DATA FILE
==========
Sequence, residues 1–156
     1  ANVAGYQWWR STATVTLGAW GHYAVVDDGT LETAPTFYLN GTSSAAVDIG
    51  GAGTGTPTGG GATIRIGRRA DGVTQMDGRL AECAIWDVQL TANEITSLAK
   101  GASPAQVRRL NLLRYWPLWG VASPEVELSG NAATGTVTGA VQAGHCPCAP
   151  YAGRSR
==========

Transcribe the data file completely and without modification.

Sequence, residues 1–156
     1  ANVAGYQWWR STATVTLGAW GHYAVVDDGT LETAPTFYLN GTSSAAVDIG
    51  GAGTGTPTGG GATIRIGRRA DGVTQMDGRL AECAIWDVQL TANEITSLAK
   101  GASPAQVRRL NLLRYWPLWG VASPEVELSG NAATGTVTGA VQAGHCPCAP
   151  YAGRSR